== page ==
Our Forest Stewards

DALE CLAASSEN

DALE CLAASSEN

Reforestation Forester

Years working in the woods: 32
Favorite Forest Creature: Long-Tailed Weasel

Dale manages 60,000 acres of forestland for Hampton, ranging from 200-3,700 feet of elevation in Oregon’s coast range. These forests get 35-120 inches of rain a year plus a decent amount of snow in winter. White German Shepherd, Sam joins him most days in the woods. Dale grew up in a farming family in central Kansas and moved to Oregon to pursue duel degrees in Forest Management and Range Management from Oregon State University.

What's the most important thing to have in the woods?

Good rain gear.

A Cycle of renewal

Dale oversees the planting of nearly one million seedlings each year. Seedlings are grown by local nurseries and planted by hand by professional reforestation crews. Dale selects native species best suited for the diverse conditions found on our Oregon forestlands. Common mixtures include Douglas fir, western hemlock, noble fir, and western red cedar.

Jed Arnold

Jed Arnold

Community Outreach & Stewardship Coordinator

Years working in natural resources: 6
Favorite Forest Creature: Ceratina (carpenter bees)

Prior to joining Hampton, Jed worked with local governments and landowners to conserve and protect water and soil resources in Oregon. Today, he leads conservation projects on Hampton’s forestlands along the Columbia River and serves as a community liaison on the coast, providing tours, presentations, and other information to residents and community groups.  For Jed, it’s the perfect mix of field time and community engagement.

What's the most important thing to have in the woods?

GPS enabled tablet for data collection
and mobile map info.

Finding a better way.

Jed works closely with the local forestry and conservation community on Oregon’s North Coast. He helps Hampton identify new management techniques and conducts the  research and experimentation needed to assess viable, real-world options for ehancing our timberlands. His ongoing pollinator project is a great example of this work.

DAVE KUNERT

DAVE KUNERT

Forest Engineer

Years working in natural resources: 25
Favorite Forest Creature: Loggers

Dave was raised on a cattle ranch near Sisters, OR. He went to Oregon State University to study civil engineering then discovered–with some dismay–that most civil engineering jobs were in cities. When he learned he could pursue “civil engineering in the woods” at the College of Forestry, he quickly changed gears. A few years later he graduated with a degree in Forest Engineering. Dave started his career with the Oregon Department of Forestry before joining Hampton in 1999. Today, he purchases public and private timber for Hampton, helping to ensure our four Oregon sawmills have enough fiber to operate.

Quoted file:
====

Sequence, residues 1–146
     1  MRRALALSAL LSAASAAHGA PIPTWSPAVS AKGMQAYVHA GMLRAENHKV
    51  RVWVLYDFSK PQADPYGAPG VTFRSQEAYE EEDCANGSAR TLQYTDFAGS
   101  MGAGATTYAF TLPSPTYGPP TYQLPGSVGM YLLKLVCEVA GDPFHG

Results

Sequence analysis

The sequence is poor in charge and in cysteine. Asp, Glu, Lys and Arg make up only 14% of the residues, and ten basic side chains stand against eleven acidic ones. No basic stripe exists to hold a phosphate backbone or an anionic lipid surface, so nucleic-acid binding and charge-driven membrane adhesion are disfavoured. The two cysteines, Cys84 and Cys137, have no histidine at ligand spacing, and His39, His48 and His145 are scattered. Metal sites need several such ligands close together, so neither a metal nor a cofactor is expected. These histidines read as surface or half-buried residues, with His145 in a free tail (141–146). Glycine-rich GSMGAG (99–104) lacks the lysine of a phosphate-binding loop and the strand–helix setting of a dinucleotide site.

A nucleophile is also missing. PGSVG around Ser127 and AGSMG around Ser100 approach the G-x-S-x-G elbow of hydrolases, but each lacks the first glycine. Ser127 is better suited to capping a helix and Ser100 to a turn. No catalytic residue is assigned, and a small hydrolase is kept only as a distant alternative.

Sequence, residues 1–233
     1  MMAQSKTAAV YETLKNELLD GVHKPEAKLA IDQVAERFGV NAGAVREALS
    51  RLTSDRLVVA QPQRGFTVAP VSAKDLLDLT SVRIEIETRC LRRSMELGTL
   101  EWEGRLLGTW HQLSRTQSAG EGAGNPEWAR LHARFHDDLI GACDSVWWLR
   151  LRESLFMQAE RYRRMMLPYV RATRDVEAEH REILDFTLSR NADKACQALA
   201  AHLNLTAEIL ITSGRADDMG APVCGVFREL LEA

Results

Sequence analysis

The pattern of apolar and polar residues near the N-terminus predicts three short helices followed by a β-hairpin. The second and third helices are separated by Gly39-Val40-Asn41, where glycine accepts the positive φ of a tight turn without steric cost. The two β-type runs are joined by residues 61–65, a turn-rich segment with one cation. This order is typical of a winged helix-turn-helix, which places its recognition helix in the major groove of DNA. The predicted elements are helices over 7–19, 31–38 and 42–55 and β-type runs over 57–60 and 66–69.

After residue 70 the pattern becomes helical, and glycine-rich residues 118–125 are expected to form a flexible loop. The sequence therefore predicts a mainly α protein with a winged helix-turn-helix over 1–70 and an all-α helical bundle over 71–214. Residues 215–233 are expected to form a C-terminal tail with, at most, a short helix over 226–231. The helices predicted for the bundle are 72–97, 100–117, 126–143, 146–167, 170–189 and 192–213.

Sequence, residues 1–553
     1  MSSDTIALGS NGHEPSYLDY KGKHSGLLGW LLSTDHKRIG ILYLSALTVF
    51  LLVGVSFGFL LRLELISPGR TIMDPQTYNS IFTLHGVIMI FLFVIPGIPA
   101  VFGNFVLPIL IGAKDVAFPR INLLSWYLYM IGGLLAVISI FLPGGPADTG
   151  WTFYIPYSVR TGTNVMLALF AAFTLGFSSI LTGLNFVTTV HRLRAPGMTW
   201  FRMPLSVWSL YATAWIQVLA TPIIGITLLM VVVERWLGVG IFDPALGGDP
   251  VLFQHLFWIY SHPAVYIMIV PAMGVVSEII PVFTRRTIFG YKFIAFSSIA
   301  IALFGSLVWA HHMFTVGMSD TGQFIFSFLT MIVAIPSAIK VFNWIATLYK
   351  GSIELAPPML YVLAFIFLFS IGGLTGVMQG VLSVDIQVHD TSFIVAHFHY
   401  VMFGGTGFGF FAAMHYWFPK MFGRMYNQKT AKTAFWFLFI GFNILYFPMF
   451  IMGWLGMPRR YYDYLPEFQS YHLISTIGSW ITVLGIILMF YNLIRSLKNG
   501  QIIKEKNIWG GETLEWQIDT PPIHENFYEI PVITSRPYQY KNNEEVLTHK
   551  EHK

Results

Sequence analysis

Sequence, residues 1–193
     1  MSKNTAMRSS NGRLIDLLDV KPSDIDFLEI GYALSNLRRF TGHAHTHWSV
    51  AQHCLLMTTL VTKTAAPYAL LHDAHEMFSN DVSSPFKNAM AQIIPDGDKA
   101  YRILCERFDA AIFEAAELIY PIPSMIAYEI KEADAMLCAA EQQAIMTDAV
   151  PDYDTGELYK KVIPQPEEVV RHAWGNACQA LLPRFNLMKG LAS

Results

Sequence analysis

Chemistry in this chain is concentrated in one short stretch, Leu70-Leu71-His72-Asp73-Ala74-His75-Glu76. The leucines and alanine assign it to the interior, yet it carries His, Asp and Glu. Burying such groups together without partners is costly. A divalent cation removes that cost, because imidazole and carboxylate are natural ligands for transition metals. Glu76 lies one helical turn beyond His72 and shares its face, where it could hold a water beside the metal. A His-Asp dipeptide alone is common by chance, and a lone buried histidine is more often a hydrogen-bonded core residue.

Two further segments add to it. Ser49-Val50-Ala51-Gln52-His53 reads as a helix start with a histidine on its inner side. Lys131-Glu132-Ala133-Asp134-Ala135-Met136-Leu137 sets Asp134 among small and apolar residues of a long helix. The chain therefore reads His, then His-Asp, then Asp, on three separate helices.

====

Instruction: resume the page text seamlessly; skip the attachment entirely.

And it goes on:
WHAT'S THE MOST IMPORTANT THING TO HAVE IN THE WOODS?

Lunch.

A Coastal Timber "Cruiser"

When timber is put up for sale Dave drives out to walk the forest. Before bidding on the timber he first has to determine what it will take to harvest the logs safely and efficiently. This includes road building and slope considerations and stream and habitat protections. Once timber is purchased, Dave works closely with local logging and trucking contractors to get the wood to the mills.

BETH FITCH

BETH FITCH

Reforestation Forester

Years working in the woods: 35
Favorite Forest Creature: Owls

As a kid growing up in Colorado, Beth spent a large part of the time outdoors. Today, Beth oversees reforestation efforts at our Big Creek forest outside of Astoria, OR. She takes over from the time logging ends until the trees are about 15-20 years old, organizing replanting efforts, deciding which species to plant, and making sure young seedlings thrive. Beth works closely with tree nurseries and participates in Oregon State University’s Northwest Tree Improvement Cooperative.